likes very much, to come for dinner at her house on Saturday night.
Jenny: I’m going to be having some people over for dinner on Saturday evening. Would you
like to join us? I’d love you to come and meet my boyfriend and some of our close friends.
Lily: Thank you, that would be lovely. I will try to come.
Jenny: Ok Saturday night, 8pm. 123 Anzac Parade.
Lily does not arrive and after Jenny and her friends have waited over an hour, they eat dinner
without her. Jenny is upset at Lily’s rudeness.
2. Choose and briefly describe a conceptual framework that you think best accounts for
this context/scenario. (5 marks)
One framework that could be useful here is the cultural script theory as described by Zegarac
(2008,pp.60-63). This theory states that each culture has certain scripts for the way that they
perform regular activities in their culture. These scripts are culturally determined and within
our own cultures we very often do not question them; it is just the way we do things. We
assume that others are following the same cultural scripts. However, people from different
cultures may well have other cultural scripts, since our scripts are based on our cultural
assumptions about the way we do things. The ways in which we construct face are often part
of the assumptions of our cultural scripts.
3. Suggest, in terms of that framework, what the problems/issues were that caused the
mis-communication. (10 marks)
In terms of Cultural Script Theory, Jenny was following the script in her culture for inviting
someone to dinner. She expresses her strong desire to have her friend come over and meet the
people who are important to her. She says so, making it clear that she has particular people in
mind she wants to introduce Lily to. Once she believes that Lily has accepted the invitation,
she gives her the address and the time of the event, in her mind confirming the arrangement.
Lily, on the other hand, was following her cultural script for being invited. She expresses her
gratitude and enthusiasm for the invitation, and says she will try to come. In her script, this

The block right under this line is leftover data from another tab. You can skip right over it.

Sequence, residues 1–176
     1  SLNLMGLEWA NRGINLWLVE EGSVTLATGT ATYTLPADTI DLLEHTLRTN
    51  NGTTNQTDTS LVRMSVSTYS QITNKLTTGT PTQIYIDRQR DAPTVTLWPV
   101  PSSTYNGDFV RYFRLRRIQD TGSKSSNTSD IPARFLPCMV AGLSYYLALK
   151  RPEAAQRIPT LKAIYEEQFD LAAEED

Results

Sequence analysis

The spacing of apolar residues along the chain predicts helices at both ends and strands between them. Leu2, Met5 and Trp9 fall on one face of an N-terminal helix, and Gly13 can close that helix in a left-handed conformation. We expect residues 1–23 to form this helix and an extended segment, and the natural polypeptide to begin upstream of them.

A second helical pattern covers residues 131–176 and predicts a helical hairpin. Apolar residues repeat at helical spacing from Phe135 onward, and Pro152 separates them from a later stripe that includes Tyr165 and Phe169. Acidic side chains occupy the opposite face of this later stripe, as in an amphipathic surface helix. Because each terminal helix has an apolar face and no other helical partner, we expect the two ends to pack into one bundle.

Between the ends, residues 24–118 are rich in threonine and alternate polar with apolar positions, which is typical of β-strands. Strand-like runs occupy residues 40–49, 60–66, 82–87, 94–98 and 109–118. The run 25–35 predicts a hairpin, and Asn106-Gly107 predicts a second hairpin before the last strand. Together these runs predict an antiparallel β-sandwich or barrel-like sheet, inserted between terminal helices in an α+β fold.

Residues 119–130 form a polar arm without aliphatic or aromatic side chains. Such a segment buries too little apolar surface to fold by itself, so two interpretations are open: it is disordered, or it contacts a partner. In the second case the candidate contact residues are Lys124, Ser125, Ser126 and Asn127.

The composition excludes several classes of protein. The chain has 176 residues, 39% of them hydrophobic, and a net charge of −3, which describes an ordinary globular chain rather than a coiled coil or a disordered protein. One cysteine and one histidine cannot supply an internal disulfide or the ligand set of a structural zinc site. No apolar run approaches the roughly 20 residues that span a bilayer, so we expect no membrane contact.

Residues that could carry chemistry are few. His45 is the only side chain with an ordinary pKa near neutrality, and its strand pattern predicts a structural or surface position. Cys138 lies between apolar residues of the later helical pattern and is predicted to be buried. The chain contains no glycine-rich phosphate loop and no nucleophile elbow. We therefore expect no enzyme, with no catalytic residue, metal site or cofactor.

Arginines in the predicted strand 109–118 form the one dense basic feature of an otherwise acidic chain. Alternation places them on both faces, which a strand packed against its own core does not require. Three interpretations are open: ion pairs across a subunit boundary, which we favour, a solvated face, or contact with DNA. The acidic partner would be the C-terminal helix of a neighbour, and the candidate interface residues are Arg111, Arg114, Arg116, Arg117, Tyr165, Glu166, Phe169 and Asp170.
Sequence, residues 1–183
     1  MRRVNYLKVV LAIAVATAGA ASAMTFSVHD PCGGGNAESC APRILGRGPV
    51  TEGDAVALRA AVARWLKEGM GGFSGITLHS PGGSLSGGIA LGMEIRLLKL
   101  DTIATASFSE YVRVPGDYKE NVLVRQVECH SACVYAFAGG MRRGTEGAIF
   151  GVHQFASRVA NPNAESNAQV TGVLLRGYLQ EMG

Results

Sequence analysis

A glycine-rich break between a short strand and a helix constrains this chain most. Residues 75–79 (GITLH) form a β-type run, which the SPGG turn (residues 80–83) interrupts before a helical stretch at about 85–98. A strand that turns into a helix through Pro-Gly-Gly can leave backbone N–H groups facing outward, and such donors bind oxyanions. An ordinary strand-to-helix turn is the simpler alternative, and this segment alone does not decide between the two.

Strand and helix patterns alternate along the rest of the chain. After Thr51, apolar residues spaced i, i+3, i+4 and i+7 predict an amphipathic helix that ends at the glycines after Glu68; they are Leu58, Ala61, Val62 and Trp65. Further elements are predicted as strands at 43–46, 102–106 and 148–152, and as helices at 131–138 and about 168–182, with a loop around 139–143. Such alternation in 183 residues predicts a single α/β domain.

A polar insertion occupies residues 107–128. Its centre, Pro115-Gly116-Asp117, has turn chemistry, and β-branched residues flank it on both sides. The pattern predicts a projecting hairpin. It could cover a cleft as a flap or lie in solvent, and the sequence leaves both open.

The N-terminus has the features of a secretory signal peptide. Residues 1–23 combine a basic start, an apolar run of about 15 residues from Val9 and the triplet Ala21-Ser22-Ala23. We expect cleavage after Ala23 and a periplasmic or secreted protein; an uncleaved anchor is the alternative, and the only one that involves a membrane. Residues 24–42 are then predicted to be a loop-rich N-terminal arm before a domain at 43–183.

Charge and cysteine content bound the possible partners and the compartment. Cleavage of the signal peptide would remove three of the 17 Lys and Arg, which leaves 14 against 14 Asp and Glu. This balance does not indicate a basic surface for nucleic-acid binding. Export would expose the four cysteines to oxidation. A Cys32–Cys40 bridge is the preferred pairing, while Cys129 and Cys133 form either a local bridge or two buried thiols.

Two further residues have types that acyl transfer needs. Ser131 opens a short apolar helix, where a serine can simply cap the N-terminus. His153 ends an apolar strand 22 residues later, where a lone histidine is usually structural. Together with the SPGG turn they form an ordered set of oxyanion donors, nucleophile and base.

does not mean that she has accepted the invitation; it means that she is thanking her friend for
inviting her, and expressing the sentiment of appreciation. She says she would love to come.
She does not say she will come. Once Jenny gives her the time and place of the event, she
does not continue the conversation, so it is possible that she does not believe she has
confirmed her acceptance.
4. Provide, briefly and clearly, the pragmatic information each party could have used
which might have led to a successful outcome for both of them. (10 marks)
If Jenny had known that it was part of the politeness behaviour in Lily’s culture that
invitations are not declined overtly, it would have helped her to know that Lily had not
provided her with a clear acceptance of the invitation. When Lily said nothing after she had
been provided with the time and place of the event, Jenny could have checked by asking, “So,
is it a date then. Will I see you on Saturday?” Jenny responded to the positive face behaviour
Lily provided in saying she would love to come, but didn’t understand the cultural script for
not accepting the invitation.
Lily, on the other hand, needed to know that in Jenny’s cultural script, she was issuing a
genuine invitation. The fact that time and place were mentioned is the main evidence for this.
Even in Jenny’s cultural script, people often issue vague invitations that they may or may not
care about, however, when they provide details, the invitation is to be regarded as genuine.
Lily did not have this information. Additionally, it would have been important to Lily to
know that her non-arrival was a face-threatening act, and that Jenny would have been hurt,
irritated, affronted and embarrassed by her behaviour.
(Word count for Section A – 616 words)